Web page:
(3) Risk reward involves understanding valuation and return potential. There are many good businesses and sectors to invest in, but if their stocks are priced too high they may not make good investments.
(4) Last, cost effectiveness involves costs involved with investment strategy or category.
Risk tolerance and investment horizon are factors that need to be considered to determine an appropriate portfolio. It can be necessary to perform annual or semi-annual reviews to monitor the portfolio and, if necessary, rebalance your portfolio based upon individual needs, goals and objectives. It is important to take a long-term view that enables investments to compound over time. There are many investment strategies available, from aggressive to conservative. The right selection should be customized and depends on the individual’s personal situation and circumstances.
Equally as important as contributing to your retirement accounts is the order or sequence in which you invest in these accounts. The sequence you use to invest money may have implications as to whether or not you are able to take advantage of tax deductions and pay less at tax time as well as what sort of taxes you may have to pay in the future when you make withdrawals. You should be maxing out your 401k/403b/SEP IRA/ Solo 401(k) each year, then your Backdoor Roth IRA, and then your individual/joint taxable account.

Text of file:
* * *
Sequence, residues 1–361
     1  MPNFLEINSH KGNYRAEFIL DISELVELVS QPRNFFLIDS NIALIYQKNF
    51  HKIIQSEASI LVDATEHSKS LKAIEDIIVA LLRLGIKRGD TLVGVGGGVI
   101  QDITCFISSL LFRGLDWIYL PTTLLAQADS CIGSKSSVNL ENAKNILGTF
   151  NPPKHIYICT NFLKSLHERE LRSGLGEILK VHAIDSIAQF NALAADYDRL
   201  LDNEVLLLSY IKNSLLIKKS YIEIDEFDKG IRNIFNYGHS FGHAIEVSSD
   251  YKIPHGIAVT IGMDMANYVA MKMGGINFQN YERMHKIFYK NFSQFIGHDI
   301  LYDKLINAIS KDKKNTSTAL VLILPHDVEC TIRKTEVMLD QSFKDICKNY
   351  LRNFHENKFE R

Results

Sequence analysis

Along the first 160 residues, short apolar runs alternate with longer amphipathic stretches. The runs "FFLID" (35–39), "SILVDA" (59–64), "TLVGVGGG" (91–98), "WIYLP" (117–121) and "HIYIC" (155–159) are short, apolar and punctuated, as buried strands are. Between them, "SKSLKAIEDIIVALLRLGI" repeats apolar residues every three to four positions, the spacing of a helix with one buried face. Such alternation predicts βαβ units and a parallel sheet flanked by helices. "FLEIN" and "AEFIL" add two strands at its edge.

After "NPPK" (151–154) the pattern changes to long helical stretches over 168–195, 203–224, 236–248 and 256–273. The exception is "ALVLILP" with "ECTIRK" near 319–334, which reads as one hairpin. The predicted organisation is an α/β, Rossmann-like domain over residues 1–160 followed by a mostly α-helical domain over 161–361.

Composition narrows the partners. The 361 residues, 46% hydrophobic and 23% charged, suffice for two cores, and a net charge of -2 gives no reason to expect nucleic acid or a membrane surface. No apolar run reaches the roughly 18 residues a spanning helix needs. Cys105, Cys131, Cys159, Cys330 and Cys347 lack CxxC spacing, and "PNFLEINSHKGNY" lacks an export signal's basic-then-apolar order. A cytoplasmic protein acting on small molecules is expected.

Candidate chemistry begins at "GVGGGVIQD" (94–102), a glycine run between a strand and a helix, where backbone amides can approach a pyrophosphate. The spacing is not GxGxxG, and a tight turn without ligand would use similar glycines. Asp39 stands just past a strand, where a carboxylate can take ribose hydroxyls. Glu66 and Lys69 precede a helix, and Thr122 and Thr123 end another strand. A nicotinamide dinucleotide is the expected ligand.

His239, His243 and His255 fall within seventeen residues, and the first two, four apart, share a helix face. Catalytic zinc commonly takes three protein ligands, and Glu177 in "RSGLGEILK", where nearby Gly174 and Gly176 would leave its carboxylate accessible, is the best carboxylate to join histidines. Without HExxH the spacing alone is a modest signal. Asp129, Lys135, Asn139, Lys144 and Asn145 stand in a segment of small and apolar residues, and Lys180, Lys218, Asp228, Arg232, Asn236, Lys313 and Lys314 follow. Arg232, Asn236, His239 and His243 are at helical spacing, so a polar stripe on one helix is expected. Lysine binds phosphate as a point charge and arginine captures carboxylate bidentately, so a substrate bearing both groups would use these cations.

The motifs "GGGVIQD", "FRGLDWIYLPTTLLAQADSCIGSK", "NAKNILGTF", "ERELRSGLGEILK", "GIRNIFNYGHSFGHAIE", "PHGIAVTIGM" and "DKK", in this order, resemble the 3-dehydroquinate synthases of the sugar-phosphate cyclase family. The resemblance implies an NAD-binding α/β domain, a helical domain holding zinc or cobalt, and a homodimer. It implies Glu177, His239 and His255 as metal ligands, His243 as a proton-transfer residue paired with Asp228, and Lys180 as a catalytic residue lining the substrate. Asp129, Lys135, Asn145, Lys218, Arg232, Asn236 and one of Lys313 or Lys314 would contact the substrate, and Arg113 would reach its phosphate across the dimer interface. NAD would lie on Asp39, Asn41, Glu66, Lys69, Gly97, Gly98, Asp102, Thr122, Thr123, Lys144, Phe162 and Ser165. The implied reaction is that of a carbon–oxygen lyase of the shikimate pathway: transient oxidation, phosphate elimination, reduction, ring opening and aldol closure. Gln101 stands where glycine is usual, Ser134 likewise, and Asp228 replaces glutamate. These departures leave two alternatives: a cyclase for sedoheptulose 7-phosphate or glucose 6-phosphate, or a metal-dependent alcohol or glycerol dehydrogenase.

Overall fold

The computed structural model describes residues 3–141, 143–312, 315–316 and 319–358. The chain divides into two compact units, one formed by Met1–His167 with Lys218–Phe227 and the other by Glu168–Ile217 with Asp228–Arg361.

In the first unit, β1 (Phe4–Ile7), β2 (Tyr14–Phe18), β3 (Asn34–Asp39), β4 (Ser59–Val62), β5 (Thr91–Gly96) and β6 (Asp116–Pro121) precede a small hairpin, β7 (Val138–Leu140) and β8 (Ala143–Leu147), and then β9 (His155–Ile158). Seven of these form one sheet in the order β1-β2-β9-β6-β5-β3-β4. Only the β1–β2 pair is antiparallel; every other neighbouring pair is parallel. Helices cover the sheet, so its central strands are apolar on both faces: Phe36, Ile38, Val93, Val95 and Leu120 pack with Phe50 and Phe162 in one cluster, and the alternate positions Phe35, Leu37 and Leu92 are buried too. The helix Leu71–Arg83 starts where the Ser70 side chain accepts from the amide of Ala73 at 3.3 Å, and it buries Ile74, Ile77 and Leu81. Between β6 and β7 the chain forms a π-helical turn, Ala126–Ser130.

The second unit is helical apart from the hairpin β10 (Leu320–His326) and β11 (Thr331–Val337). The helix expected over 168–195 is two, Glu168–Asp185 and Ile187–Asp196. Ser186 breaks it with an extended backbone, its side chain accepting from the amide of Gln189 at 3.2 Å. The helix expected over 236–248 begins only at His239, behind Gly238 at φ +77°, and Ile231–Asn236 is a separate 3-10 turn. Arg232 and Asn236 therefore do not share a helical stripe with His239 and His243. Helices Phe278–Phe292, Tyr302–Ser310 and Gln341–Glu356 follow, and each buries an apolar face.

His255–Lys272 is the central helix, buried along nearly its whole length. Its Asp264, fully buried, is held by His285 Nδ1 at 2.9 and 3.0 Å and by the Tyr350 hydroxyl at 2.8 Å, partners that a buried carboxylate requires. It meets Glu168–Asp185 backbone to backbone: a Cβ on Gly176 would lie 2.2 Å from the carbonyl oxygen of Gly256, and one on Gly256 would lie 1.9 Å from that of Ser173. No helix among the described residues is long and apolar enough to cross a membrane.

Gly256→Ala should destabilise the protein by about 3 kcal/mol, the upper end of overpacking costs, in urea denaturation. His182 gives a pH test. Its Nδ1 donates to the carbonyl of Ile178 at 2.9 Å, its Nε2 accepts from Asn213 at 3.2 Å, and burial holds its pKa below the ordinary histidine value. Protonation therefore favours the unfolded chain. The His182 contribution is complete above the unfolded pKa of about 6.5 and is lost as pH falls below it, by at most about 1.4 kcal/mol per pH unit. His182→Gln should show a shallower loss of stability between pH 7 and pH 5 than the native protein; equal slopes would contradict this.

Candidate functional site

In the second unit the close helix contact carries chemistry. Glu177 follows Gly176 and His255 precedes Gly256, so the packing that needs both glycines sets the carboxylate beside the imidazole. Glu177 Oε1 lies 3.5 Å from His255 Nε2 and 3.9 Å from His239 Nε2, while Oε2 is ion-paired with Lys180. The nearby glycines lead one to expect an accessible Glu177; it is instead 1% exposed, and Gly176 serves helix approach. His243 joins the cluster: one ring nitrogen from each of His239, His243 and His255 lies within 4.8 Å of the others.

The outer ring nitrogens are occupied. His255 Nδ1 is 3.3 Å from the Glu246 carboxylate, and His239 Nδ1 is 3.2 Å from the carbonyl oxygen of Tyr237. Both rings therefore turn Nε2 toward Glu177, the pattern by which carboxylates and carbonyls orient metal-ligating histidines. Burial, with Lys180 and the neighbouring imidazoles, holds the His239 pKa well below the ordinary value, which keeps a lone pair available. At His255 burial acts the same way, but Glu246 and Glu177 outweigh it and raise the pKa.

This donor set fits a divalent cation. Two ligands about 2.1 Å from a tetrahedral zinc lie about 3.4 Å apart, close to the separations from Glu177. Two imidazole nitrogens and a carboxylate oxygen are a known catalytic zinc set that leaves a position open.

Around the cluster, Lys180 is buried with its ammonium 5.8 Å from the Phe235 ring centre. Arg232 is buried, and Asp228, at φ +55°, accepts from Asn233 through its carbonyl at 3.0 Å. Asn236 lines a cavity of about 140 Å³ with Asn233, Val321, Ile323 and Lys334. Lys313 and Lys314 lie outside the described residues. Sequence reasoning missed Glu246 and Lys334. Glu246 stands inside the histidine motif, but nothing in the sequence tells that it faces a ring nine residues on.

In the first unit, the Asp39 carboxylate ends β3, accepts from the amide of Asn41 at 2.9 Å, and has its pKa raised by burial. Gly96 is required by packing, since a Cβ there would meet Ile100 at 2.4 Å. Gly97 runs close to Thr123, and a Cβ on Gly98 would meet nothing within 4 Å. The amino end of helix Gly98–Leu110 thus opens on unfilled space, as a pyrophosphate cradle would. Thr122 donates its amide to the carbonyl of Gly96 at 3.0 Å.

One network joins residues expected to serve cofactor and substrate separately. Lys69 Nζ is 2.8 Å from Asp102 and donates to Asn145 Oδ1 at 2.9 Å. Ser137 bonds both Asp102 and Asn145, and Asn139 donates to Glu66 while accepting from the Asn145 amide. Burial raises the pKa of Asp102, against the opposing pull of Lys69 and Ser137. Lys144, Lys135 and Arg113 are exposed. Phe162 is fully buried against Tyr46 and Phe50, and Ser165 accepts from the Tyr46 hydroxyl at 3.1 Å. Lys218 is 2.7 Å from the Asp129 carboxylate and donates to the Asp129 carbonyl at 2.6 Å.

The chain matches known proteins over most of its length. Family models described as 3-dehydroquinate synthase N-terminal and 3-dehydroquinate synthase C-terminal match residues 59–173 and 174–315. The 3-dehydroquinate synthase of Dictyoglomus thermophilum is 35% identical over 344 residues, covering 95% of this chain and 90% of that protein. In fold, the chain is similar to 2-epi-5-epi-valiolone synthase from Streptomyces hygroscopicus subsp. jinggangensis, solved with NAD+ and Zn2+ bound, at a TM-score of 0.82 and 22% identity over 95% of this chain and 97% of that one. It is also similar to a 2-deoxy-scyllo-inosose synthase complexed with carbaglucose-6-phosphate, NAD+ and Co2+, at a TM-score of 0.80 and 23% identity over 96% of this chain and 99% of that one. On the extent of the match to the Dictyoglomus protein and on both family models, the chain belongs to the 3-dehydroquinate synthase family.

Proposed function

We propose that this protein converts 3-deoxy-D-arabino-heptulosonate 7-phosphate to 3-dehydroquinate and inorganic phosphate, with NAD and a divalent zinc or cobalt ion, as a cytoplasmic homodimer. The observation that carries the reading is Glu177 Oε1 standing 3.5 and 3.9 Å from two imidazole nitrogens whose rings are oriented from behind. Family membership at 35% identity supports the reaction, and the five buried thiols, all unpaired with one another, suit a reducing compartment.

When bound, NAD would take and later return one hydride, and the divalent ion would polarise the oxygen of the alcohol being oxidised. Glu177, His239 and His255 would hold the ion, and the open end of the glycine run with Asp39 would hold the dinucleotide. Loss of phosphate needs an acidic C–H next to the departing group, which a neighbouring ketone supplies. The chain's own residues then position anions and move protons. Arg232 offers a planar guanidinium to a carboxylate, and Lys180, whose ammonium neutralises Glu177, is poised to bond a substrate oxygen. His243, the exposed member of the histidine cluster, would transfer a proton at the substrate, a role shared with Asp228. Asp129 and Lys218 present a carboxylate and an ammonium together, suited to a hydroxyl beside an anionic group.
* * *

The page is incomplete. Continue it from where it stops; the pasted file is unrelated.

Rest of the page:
Also, on the topic of protecting and growing your wealth it is worth mentioning that it is important to play ‘defense’ as well as ‘offense’. If you’re concerned about protecting your wealth, one thing you can also do is to use a Limited Liability Company or LLC for risky assets. High-risk investments like a rental property open you up to potential insurance claims or lawsuits that can have a very large impact on your financial well-being.
Also, if you have accumulated some assets over your career then an umbrella policy is also likely in your best interest. This policy is separate from your professional liability coverage. Umbrella Protection is the easiest way to add liability coverage for you personally and at a very low cost. This policy will protect you if you’re sued, or if you cause someone injury. This policy should be viewed as a secondary policy — a “back up” to your traditional homeowners, auto, and/or renter’s insurance. Your policy should cover: (1) Legal fees (2) Your future salary if you owe your future earnings to the plaintiff in a case against you (3) and your current assets. Each state has its own exclusive rules, and those should dictate your asset protection plan. Also, this is vital if you have guests to your house frequently, children that have play dates at your house, or kids starting to drive your cars.
Selecting the right mix of investment strategies and asset protection defenses to complement your retirement planning strategies is a crucial step in optimizing your chances for financial security and success. Having a well thought out plan in place can help reduce the stress and distractions that personal finance topics often present.
(David Rosenstrock is the Director and Founder of Wharton Wealth Planning, LLC. He earned his MBA from the Wharton Business School and B.S. in economics from Cornell University. He is also a CERTIFIED FINANCIAL PLANNER™. David lives in New York with his wife and their two very active children.)